Here’s the thing about anxiety, you wear it from head to toe like a shaky suit of armor that can break with just a budge. When it takes hold, outwardly, it emanates angsty energy from every pore, while internally, there’s a sense of panic, worry, fear, and doom.

From a clinical perspective, “anxiety is a state of distress characterized by varying degrees of emotional and physical signs and symptoms arising from both internal and external factors,” says psychiatrist Grant H. Brenner M.D., FAPA, co-founder of Neighborhood Psychiatry, in Manhattan. But that doesn’t do justice to how you feel anxiety. “It’s a sense of unease, worry, and mild fear, often accompanied by repetitive negative thinking,” says Dr. Brenner.

Who Gets Anxiety?

You’ve probably asked yourself a million times: “Why do I feel this way? Does everyone feel like this?” Some people are genetically predisposed to anxiety, but for others, it’s triggered by life experiences, Dr. Brenner says. And it’s incredibly common. According to the Anxiety and Depression Association of America, anxiety disorder affects over 18 percent of adults in the US every year and over 25 percent of children between 13 and 18 years old. When you look at the numbers, you can see just about everyone either has anxiety, is married to someone with anxiety, or is related to someone with anxiety.

How Do You Know It’s Anxiety?

For starters, with anxiety you feel it in your mind and your body. Sometimes people notice things like a fast heartbeat and think they’re having a heart issue. Other physical symptoms could be:

  • Nervousness
  • Jitters, tremors or shakes
  • An unsteady voice
  • Sweating
  • Muscle tension
  • Difficulty relaxing
  • Insomnia

On the mental and emotional front, anxiety often causes:

  • Worry
  • Obsession
  • Irritability
  • A general sense of unease
  • Negative thinking
  • Confusion
  • Indecision

And, what’s tricky is things like obsessing can actually be rewarded, so you might not focus on the fact that it’s harming your overall wellbeing.

“Anxiety may also have behavioral manifestations, as people may cope with anxiety with more or less adaptive responses. For example, some people tend to withdraw when anxious, behave aggressively, or self-medicate with drugs and alcohol, all of which may worsen the problem,” Dr. Brenner says.

When it’s severe, anxiety may become panic, accompanied by a strong sense of fear, or manifest as specific fears or phobias.

How Can You Tell You Need To See Someone?

A little anxiety (not an anxiety disorder) can be an okay thing. When it comes in the form of that slight nagging feeling that you could fall short in some way, so you better prepare, then it’s actually even helpful. The problem is when those feelings are so ingrained they become your default mode.

Even if you don’t have those physical symptoms, like insomnia or heart palpitations, your thoughts can still be downright destructive. Constant cycles of second-guessing, indecision,  and negative self-talk, can be just as debilitating. Seeing a pro can help you break the cycle and look at things more realistically, which is actually a pretty useful skill.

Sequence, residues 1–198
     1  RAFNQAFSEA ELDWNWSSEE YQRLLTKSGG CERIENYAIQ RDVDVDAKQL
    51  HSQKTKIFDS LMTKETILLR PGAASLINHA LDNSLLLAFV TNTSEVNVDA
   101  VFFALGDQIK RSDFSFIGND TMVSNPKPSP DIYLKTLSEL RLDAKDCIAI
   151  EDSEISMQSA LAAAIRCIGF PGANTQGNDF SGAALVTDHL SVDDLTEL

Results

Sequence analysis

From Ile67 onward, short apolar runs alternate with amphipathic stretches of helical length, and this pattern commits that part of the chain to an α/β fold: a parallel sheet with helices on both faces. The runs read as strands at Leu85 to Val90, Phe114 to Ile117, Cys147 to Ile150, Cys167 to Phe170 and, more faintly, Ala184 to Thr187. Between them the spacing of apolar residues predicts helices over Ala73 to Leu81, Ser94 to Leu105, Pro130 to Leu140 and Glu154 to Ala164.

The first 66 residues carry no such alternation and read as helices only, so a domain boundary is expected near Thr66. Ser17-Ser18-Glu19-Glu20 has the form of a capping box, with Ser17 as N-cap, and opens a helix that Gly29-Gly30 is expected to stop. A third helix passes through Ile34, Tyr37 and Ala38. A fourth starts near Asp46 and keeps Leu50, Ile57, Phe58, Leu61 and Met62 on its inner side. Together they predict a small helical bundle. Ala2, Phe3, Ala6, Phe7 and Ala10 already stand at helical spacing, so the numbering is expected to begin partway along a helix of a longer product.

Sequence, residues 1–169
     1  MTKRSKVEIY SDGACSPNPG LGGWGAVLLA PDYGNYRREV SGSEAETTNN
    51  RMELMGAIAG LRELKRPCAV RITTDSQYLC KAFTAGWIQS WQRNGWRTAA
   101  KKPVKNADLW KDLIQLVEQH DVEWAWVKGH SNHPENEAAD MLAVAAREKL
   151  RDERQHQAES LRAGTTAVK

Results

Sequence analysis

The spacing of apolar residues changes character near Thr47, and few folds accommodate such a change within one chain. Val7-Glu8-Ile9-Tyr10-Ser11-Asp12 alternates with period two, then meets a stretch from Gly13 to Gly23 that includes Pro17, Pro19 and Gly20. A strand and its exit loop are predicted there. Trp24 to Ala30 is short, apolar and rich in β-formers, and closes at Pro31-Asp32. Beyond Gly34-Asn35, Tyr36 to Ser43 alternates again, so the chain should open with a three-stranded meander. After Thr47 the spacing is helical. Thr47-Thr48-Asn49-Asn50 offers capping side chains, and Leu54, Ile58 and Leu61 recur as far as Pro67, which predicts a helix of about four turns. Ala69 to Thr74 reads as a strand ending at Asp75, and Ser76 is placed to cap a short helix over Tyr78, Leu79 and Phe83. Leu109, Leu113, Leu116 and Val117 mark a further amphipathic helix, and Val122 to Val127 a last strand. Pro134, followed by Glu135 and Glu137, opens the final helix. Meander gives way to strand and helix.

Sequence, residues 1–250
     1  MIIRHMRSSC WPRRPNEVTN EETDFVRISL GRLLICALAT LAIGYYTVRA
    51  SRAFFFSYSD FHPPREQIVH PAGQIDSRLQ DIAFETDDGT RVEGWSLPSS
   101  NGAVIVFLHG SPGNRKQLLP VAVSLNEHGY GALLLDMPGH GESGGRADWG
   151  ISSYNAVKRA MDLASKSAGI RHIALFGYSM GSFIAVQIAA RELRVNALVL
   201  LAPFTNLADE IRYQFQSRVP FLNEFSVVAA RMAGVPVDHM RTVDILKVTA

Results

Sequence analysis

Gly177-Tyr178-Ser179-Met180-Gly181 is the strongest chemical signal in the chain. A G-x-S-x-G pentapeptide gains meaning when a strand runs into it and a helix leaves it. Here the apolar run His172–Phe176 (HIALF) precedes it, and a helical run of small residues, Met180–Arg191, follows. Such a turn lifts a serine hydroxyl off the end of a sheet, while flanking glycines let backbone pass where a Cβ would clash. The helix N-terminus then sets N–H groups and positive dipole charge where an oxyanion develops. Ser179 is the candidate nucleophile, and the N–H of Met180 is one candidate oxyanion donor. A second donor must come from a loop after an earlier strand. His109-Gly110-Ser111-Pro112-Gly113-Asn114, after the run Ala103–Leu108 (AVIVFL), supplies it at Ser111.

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How Do You Know What Kind Of Doctor To See?

If this were a flow chart, we’d start with this question: Do you think you might need a prescription? If the answer is yes, you’d want to see a psychiatrist since they can prescribe. But, that isn’t exactly true. Psychologists can write prescriptions in Iowa, Idaho, Illinois, New Mexico, and Louisiana. Besides, with anxiety, there are options besides meds, like cognitive behavioral therapy and talk therapy.

Since there’s really no right answer on what kind of pro to see, here’s some info to help you at least make sense of the choices.

  • A psychiatrist went to medical school (they have an MD or DO after their name) and can write prescriptions in every state. Because of their training (they have to do rotations in everything from pediatrics to surgery), they get how the whole body works and may have more broad expertise in addition to their specialty.
  • A psychologist may have about the same amount of training as a doctor (at least four years post-college, externships, and board exams for a PhD or PsyD), but the type of training is different. Psychologists only focus on mental health. They have a lot of expertise in assessment and research-based treatments like cognitive behavioral therapy. You can also be a psychologist with just two years of training or be a counselor.
  • Social workers also go to grad school, earning an MSW (master of social work) or LCSW (licensed clinical social worker) degree. Their specialty is usually on connecting people to support services.

All of this is made even more confusing when you add therapists. Basically, a therapist can be any one of these specialists. It’s more of a generic term rather than one that reflects a specific degree.

How Much Will Therapy Cost? Will Insurance Pay?

The rates depend on what kind of pro you see. A psychiatrist is going to be more expensive than a social worker. And, where you live also matters. According to SimplePractice, a business software pros use to manage their practice, a session can be anywhere from $68 to $250.

The most expensive cities for therapy are:

  • Miami-Fort Lauderdale-West Palm Beach, FL, $250
  • New York-Newark-Jersey City, NY-NJ-PA, $175
  • San Jose-Sunnyvale-Santa Clara, CA, $165

The least expensive cities for therapy are:

  • Orlando-Kissimmee-Sanford, FL $68
  • Detroit-Warren-Dearborn, MI $75
  • Minneapolis-St. Paul-Bloomington, MN-WI $75

Your healthcare insurance probably will pay some portion of this, depending on your plan and if you go in-network. Here are some tips for finding affordable therapy.

How Do You Get A Doctor Referral? Do You Need One?

Speak to your primary care doctor for a referral. While online referral services are becoming more popular, it’s hard to know the quality of the referral, Dr. Brenner says. You can also contact your state professional psychological association, which has a referral service on hand and can help you find a professional in your area.

Finding someone qualified seems obvious, but don’t forget to also look for someone whose style and approach is a good fit for you. Don’t be afraid to meet with a few people, and make sure you have important questions prepared in advance, Dr. Brenner says. Having the foremost expert of cognitive behavioral therapy isn’t going to do a lot of good if you can’t stand the person. It helps to think about it as a relationship—you’ll spend a lot of time with this person and should feel comfortable.